• Brooks Headley’s Fancy Desserts: Brooks Headley, the pastry chef at Manhattan's Del Posto (and James Beard Award winner), has created his ideal cookbook, which includes: irreverent but also very Italian, not-too-cheffy desserts; stark, kinda-weird photos; essays on the things he's eaten while touring with punk bands; essays written by writers and artists Headley admires (Robert Sietsema, Sloane Crosley); "Profiles in Courage" of other chefs (Christina Tosi, Claudia Fleming); and so on. His cookbook trailer pretty much says it all.
  • Ovenly: Okay! Okay. There are a lot of dessert cookbooks that we’re excited about right now. But the Ovenly book, as much a story of a small Brooklyn business as a compendium of sweet-salty baked goods, deserves your time, if only for the scones. And the cookies. And the Brooklyn Blackout Cake. Read our review here

 Peter Reinhart’s Bread Revolution  Flavor Flours

  • Peter Reinhart’s Bread Revolution: If you've never watched Peter Reinhart's TED talk, wherein he talks about yeast "burping and sweating" (like a human while eating), you've missed out. Reinhart, an expert on baking, has now tackled sprouted and whole grains and heirloom flours; if you want to get serious about baking your own whole-wheat and whole-grain loaves, he'll start you with a starter and walk you through every detail of the process.
  • Flavor Flours: If you're more into dessert than toast but you still want to experiment with flours other than all-purpose and whole-wheat, this new title from Alice Medrich -- our resident rogue baker and tireless investigator of all things dessert -- is for you.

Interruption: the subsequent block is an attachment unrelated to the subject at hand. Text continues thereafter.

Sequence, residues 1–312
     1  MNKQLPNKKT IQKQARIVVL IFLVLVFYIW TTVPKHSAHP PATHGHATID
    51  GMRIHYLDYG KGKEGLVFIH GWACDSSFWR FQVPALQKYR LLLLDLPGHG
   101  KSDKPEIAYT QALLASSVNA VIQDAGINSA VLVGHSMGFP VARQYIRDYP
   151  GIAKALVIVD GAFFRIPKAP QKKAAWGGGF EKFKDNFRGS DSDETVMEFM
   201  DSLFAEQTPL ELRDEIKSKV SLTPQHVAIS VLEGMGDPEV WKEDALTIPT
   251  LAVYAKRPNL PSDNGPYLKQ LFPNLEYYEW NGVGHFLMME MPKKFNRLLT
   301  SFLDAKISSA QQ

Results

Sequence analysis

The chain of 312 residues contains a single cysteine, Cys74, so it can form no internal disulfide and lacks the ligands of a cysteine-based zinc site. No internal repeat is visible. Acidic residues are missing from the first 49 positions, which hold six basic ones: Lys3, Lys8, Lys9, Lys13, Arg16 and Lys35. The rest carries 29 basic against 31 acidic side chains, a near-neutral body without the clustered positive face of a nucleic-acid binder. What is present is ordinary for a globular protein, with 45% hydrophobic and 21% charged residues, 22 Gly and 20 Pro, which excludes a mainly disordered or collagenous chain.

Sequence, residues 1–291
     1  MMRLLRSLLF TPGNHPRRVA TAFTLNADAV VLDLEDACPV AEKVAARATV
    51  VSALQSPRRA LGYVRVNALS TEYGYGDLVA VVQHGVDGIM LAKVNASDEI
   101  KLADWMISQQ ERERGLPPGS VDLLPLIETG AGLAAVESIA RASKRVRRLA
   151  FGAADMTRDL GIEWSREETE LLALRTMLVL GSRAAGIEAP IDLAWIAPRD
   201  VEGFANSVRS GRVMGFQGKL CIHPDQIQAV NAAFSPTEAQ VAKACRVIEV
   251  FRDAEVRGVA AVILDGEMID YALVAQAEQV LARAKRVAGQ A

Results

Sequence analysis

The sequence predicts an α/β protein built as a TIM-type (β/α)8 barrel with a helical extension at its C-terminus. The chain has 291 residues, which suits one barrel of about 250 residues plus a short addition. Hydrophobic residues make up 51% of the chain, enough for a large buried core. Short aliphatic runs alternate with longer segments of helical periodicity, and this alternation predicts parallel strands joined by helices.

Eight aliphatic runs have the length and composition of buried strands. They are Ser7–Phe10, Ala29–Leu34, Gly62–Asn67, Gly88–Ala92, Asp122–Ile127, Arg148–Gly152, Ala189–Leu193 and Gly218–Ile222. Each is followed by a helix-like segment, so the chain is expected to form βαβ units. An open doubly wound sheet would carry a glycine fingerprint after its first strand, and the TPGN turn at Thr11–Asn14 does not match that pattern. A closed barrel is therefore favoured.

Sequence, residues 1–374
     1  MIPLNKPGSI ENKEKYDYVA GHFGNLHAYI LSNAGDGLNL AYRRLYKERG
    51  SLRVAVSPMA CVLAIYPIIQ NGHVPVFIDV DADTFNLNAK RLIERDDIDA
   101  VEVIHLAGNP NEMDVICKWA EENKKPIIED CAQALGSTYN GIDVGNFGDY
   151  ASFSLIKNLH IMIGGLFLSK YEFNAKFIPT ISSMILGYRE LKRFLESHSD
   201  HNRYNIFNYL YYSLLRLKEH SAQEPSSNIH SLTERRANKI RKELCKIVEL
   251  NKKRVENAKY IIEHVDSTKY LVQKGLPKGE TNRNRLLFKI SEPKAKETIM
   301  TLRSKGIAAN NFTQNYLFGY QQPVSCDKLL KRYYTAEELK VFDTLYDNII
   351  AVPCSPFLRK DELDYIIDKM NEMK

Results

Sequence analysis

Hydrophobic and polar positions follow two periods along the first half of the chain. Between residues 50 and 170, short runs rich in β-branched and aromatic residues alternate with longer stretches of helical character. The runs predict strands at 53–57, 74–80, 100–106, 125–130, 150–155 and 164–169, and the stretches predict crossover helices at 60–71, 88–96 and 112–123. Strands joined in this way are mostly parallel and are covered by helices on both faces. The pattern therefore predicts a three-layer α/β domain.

Heritage  Sweet and Southern

  • Heritage: Sean Brock, chef at Charleston's Husk restaurant, has redefined southern cooking -- his first book does much the same, with beautiful photos and stories to boot.
  • Sweet & Southern: Also in the southern corner is Ben Mims' first book, full of pies and cakes that have been modernized -- a cup of sugar removed, a pinch of salt added -- without straying from their southern roots. Read why we love it here.

 Saveur  The Kitchn 

  • Saveur: To celebrate 20 years in print, Saveur has turned to their archives and come out with over 1,000 “new classics” from around the world. Like the magazine, it's a combination of things you'd find when you travel, things you'd learn from a chef, and lessons you might happen upon in your own kitchen.
  • The Kitchn: Recipes are just one part of this book from the editorial team behind one of our favorite home cooking sites. You also get glimpses into the kitchens of other home cooks, a bit of harmless voyeurism that will help make your kitchen a more efficient and peaceful place. Also, whereas notes on ingredients and sourcing and cleaning and prep tips feel like an obligation in some books, the supporting cast in this book feel like a thorough and valuable resource for home cooks of all experience levels.

Mimi Thorisson  Plenty More 

  • A Kitchen in France: A Year of Cooking in My Farmhouse: If you’ve ever read Mimi Thorisson’s blog, Manger, you know what it is to envy her life, full of long walks through the French countryside with her children and seeming endless brigade of dogs, which end at home with bushels full of produce that she effortlessly turns into feasts, all cassoulets and tarts and roasts and good wine to wash it all down. But if you’re going to buy one aspirational cookbook this fall, it’s Mimi’s -- because you’ll actually take on many of her recipes, and absorb a bit of her style of entertaining in the process. 
  • Plenty More: The answer to your inevtiable question is: Yes, it's as good as you hope it will be, and yes, it will still feel new and exciting and inspiring even if you've already spent the last two years poring over Jerusalem and Plenty. (In fact: Ottolenghi should start hosting launch parties at midnight the way that bookstores did for each new Harry Potter book back in the day. Instead of dressing up as Ron and Hermione, we can dress up as pomegranate molasses, eggplants, figs, and rice salads!)